Rather than resorting to rocks and bomb belts, their weapons are press releases, faxes, Pentium II computers and web-editing software. They issue data-intensive reports on the effects of the Israeli occupation of the West Bank. They gather at the water cooler to discuss strategy. And they have given new meaning to the concept of a Palestinian campaign.
Neither side in the Middle East is satisfied with its press. Israelis - in suicide-bomber hell since the latest uprising began two years ago - grumble that they are portrayed as the villain of the piece. Palestinians complain that, despite international sympathy, no one has yet put sufficient pressure on Israel to withdraw to its 1967 borders and allow a Palestinian state.
On a sweltering summer day inside the Palestine Meda Centre, harried-looking PR co-ordinator Mohammad Agawani shifts his gaze from his paper-strewn desk to the third-floor window, as several Israeli armoured vehicles rumble past into Ramallah. 'We are outgunned in so many ways,' he says.
'And there is no way to compete with the Israeli PR machine. But we've finally realised we must try to reach Western ears in new ways.'
Until two years ago, Agawani says, Palestinian authorities followed a disastrous strategy for getting their message across to the West. All press communication was done wholesale and handled by the Palestinian Ministry of Information, which failed to differentiate between media in the Arab word, whose support was inherent, and the Western press, whose support was dubious but needed.
'We used to give the same information to everyone,' Agawani says. 'During the first intifada in the late 80s and 90s, we'd collect the numbers of our dead and injured from an Israeli attack and figure that was enough to move people's emotions and sway opinion all over the world. That was a mistake.'
Two years ago, Agawani says, as the Middle East conflict again descended into bloodshed, Information Minister Yasser Abed Rabbo and a few colleagues realised that grim numbers weren't enough to outrage the West. They needed to help Western media and its audience identify with Palestinian victims.
The Palestine Media Centre (PMC) - formed in early 2001 with a £750,000 grant from the governments of France and Switzerland, and supported with funds from the Palestinian Authority - swung into action. Twenty hired staff began interviewing family members of Palestinian victims, and getting their stories out to Western media.
'We've started focusing on putting a human face on our tragedy,' Agawani says. 'We now understand the Western audience will be less likely to respond to the killing of "a child than to that of "seven-year-old named Mustafah who loved to play soccer and was afraid of the dark". It helps Western audiences understand the effect on people who are real.'
For now, the Palestinian comms effort is split into two. The Ministry of Information handles the Palestinian and Arabic press, as well as media accreditation research and fact gathering, which it shares with the PMC.
The PMC deals with foreign press. producing between four and six press releases each day and holding at least three press conferences a week, according to Ministry of Information media adviser Samir Rantissi, who acts as an intermediary between the two agencies. The PMC website - www.palestine-pmc.com - states its focus as 'accurate, timely and informative news relevant to the Palestinian reality'.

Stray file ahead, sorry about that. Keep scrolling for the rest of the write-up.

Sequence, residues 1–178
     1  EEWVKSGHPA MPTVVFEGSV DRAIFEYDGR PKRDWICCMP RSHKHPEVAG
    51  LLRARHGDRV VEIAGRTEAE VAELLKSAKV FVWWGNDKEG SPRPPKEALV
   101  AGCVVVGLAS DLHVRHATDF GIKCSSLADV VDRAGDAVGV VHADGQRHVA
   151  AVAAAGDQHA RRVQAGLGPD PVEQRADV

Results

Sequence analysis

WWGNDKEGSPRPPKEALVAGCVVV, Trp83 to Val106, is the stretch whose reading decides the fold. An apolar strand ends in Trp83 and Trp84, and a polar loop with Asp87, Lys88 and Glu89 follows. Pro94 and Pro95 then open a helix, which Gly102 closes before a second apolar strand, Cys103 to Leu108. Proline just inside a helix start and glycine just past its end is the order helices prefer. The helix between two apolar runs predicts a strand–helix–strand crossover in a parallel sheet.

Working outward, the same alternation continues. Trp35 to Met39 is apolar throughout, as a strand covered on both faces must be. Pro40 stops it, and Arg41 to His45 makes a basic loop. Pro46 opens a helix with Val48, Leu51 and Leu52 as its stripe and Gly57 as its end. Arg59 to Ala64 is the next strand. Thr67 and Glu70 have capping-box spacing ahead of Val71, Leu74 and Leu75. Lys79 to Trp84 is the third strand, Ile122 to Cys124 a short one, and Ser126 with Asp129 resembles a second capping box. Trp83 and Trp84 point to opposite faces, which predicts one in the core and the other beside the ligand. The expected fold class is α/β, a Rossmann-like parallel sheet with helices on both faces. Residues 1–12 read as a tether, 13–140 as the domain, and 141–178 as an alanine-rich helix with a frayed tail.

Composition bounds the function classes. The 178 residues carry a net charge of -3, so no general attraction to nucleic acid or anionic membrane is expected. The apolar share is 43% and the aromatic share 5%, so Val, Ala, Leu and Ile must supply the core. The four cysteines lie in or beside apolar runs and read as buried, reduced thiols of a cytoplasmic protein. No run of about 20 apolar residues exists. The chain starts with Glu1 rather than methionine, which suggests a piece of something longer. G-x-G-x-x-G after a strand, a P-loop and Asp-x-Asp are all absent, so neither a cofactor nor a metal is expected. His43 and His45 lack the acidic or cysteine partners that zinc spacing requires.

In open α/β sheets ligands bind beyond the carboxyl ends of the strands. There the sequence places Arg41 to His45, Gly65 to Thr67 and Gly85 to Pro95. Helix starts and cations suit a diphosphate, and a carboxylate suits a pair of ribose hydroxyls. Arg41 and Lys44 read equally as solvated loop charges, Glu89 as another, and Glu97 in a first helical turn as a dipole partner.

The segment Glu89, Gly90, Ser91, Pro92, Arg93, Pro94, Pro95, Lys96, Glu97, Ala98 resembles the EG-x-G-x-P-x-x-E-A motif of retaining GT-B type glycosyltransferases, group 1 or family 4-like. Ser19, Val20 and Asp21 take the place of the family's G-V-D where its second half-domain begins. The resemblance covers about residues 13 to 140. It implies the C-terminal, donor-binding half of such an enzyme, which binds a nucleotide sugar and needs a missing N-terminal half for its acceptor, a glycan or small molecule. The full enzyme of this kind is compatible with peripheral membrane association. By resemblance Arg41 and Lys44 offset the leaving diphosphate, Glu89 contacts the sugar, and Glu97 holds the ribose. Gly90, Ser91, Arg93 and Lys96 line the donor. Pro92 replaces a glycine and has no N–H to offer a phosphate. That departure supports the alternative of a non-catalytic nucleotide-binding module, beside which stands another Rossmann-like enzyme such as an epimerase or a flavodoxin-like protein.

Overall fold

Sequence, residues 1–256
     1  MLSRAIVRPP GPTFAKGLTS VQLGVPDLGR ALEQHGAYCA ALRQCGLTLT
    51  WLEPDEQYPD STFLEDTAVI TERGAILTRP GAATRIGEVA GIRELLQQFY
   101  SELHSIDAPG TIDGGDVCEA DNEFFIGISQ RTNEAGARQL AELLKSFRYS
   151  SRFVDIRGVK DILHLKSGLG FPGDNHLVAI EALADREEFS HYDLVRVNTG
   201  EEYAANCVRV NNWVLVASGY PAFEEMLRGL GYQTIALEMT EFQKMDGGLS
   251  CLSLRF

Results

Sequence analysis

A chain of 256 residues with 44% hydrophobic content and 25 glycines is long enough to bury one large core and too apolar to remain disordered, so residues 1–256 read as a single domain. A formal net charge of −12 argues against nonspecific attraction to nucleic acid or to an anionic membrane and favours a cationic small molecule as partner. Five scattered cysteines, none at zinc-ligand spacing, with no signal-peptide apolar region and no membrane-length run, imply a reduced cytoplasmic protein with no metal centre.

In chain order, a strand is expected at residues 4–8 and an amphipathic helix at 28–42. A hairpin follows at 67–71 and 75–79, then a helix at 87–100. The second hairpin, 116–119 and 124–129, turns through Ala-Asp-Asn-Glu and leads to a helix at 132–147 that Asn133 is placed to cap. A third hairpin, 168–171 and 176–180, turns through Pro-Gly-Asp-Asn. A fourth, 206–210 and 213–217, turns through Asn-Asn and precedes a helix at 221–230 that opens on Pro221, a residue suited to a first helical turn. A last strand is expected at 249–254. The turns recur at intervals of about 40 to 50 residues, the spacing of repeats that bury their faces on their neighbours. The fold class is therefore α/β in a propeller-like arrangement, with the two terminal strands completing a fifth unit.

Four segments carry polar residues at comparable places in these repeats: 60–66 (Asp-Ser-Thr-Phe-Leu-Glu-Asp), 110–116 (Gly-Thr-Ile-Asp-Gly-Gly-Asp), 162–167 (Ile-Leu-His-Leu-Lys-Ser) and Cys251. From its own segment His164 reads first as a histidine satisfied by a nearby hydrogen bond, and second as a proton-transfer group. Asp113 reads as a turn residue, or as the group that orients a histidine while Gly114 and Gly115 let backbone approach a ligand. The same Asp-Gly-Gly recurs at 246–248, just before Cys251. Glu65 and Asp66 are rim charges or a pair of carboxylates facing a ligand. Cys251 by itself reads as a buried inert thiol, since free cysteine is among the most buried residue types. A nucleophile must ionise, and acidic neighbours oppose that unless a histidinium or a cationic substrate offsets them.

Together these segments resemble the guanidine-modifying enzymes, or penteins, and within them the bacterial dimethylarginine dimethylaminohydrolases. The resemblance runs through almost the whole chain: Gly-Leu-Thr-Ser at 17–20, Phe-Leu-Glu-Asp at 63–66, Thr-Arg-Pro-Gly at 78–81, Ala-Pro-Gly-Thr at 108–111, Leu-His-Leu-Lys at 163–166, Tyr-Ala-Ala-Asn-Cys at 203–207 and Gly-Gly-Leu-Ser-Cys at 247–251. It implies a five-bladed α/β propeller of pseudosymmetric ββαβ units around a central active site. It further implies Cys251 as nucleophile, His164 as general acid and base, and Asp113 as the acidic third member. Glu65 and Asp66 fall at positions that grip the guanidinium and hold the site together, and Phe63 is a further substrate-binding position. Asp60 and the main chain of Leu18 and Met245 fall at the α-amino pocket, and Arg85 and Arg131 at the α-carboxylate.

'Ministries are often viewed as propaganda offices,' says Rantissi. 'The idea with the PMC is to have an agency that provides factual information, and for it to gain credibility.'
Admittedly, the PMC is hamstrung by a number of factors, including funding constraints and a fatigue amongst Western news editors for the Middle East conflict, says Agawani.
Although the PMC has been spared the bulldozing and shelling that has, on occasion, wreaked havoc in the functioning of the Palestinian Authority, staff members have been forced to set up alternative comms sites in recent months as Israeli forces have restricted movement within West Bank towns.
'We have never been directly attacked,' he says. 'But conditions make it difficult to work.'
The existence of the PMC, however, sets the PA's comms efforts in contrast with those of militant opposition groups. Hamas, for example, maintains its own secretive and limited comms headquarters, dedicated - in terms of Western press - mostly to claiming or denying responsibility for attacks on Israeli civilians. And so far it seems unconcerned with winning over Western public opinion.
'Trying to change the situation through media is not the best use of our resources,' says Dr Abdul Aziz Al Rantisi, a Hamas political leader based in Gaza city. 'It would be expensive. Western powers are going to support Israel. It's not media that is going to change this, but force.'
At the PMC, however, some young Palestinians hold a different point of view. By reaching out to Western media, they hope to someday be seen as equals in the conflict.
KEY PLAYERS IN PALESTINIAN PR
Yasser Abed Rabbo
Information minister in Yasser Arafat's administration who drove through a fresh comms strategy that moved Palestinian PR 'beyond grim numbers alone'.
Runs Ramallah's Palestine Media Centre. Has revamped strategy to give a 'more human face' to stories of the Palestinian situation.
Works at Information Ministry but acts as intermediary between the ministry (which handles Arab media relations) and the PMC (for foreign media relations).
Dr Abdul Aziz Al Rantisi
Part of the leadership of militant group Hamas. Believes PR work to be futile: 'It is not media that will change things, but force.'